• Cost of labor for any special details that requires extensive work and/or materials.  Most generally figured within a bid; not charged on an hourly basis.
  • Mid-Construction Changes:  It's best not to make any, period. Make sure that all your decisions are made prior to starting your home; changes inevitably cost money.
  • Construction Material Prices: The prices of some materials, such as lumber and steel, move with the stock market.  It's wise to check this out when researching your home's budget.
  • Quality of Materials: Try to get the best for your money.  However, some materials can get very pricey, if you are not careful.  Though, if you purchase too cheaply it could cost you more by having to replace it prematurely and/or repair damages.  Also, don't be afraid at looking into quality home building kits as they could make it reasonably affordable for you and your family.
  • Roof Design, Pitch, and Type: You can go simple or to the extreme by having either a flat, tall, or multi-gabled roof.  Each type affects the cost.
  • Exterior and Interior Wall Structures, materials and quantity -all affect the cost.  Special wall designs and features such as alcoves, curved walls and doorways, and walls made with 2x4, 2x6, block, poured concrete, and so forth, all will affect the price of your home.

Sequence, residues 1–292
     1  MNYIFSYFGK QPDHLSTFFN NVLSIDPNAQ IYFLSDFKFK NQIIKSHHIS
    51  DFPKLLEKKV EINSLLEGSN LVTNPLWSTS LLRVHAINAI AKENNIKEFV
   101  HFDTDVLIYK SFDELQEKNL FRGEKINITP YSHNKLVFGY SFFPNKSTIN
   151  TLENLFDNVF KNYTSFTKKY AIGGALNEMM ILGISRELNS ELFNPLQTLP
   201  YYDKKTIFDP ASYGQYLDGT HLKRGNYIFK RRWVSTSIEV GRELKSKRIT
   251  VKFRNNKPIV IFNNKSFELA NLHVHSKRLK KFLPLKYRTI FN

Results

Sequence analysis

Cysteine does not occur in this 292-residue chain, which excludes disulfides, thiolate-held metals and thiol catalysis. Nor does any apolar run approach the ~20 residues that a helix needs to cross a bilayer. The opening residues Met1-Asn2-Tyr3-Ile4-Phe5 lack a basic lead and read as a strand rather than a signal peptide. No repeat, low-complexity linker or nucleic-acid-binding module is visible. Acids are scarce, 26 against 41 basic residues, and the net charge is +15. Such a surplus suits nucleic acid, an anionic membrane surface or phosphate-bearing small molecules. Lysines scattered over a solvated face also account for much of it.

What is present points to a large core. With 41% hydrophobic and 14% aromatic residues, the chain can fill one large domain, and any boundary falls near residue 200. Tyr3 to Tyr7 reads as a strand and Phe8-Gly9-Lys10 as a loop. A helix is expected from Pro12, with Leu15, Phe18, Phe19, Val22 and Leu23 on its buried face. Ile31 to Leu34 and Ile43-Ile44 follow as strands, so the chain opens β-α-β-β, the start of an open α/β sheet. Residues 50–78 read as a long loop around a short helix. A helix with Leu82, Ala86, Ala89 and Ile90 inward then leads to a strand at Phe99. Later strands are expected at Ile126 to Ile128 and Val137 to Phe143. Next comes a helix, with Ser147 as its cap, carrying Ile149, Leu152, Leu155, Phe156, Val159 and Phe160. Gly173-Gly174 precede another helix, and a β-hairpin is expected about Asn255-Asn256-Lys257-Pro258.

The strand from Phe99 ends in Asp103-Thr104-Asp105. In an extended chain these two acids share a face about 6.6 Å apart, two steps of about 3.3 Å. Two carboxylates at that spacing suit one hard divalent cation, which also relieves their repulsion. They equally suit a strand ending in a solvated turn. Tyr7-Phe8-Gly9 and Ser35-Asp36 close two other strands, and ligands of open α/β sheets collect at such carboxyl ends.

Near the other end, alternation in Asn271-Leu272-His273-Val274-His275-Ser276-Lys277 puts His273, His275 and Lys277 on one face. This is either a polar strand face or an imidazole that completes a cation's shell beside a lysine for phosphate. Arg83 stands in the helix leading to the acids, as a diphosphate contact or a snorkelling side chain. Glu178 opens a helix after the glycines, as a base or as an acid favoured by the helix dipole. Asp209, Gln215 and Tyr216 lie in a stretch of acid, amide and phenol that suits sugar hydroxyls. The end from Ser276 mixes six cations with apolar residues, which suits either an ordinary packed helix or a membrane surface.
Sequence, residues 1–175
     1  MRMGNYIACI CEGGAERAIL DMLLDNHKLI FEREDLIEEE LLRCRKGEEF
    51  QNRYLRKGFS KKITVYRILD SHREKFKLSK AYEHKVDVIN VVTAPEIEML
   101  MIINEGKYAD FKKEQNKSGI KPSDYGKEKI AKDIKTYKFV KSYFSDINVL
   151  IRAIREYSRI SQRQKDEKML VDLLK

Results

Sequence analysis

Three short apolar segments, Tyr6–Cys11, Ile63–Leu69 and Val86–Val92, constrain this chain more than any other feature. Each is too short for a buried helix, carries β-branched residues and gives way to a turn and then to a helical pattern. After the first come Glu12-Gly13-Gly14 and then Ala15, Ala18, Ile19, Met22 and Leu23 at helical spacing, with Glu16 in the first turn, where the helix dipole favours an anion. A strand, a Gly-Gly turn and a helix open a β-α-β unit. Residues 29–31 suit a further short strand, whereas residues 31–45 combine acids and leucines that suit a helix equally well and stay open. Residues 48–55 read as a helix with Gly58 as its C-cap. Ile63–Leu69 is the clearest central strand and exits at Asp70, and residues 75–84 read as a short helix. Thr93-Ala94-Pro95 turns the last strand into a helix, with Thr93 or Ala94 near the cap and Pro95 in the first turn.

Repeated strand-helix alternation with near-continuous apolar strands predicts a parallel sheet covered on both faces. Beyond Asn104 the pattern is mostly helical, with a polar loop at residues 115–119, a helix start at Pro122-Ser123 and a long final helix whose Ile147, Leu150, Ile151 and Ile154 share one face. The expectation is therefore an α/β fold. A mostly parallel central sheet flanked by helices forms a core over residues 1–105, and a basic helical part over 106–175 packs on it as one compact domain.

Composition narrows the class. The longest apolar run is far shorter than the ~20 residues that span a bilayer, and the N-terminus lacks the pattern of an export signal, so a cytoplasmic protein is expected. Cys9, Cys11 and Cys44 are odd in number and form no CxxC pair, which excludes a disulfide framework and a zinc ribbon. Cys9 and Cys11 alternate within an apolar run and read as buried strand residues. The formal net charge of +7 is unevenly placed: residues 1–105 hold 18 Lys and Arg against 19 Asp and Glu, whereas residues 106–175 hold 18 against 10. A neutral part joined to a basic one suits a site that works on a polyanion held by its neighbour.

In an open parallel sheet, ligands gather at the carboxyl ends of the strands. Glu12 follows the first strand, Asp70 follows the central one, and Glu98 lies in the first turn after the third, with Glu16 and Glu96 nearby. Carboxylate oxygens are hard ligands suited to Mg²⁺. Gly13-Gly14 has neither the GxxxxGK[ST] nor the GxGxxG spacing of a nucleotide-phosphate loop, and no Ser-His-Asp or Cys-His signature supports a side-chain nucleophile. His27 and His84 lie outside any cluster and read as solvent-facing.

• Siding Materials and the time and intensity of labor to have it applied.  Whether it be lap or sheet siding, brick, stucco, or stone-each comes with its own price.
  • Windows and doors: They come in all sizes and prices ranging from $35.00 to $1000.00 and up, the prices can get sky high.
  • Flooring Systems: There are many different options for building a floor system which includes both your joists and your sub-flooring.
  • Floor Coverings: There are a number of ways you can either spend or save a fortune to cover your floors.
  • Plumbing, Heating, Ventilation, and Air Conditioning: All come with different systems and prices.
  • Cabinet Style, Craftsmanship, Materials and Manufacturers: If you think Custom Cabinets are more expensive-look again-you may be able to find some savings.
  • Driveways, Patios and Sidewalks: All are made of different types of materials such as concrete, stone, or brick, and each comes with a different price.
  • Deck - size, design, material, and labor will affect the price.
  • Accidents, Fire, Theft, and Natural Disasters - could cost you a fortune if you aren't properly insured.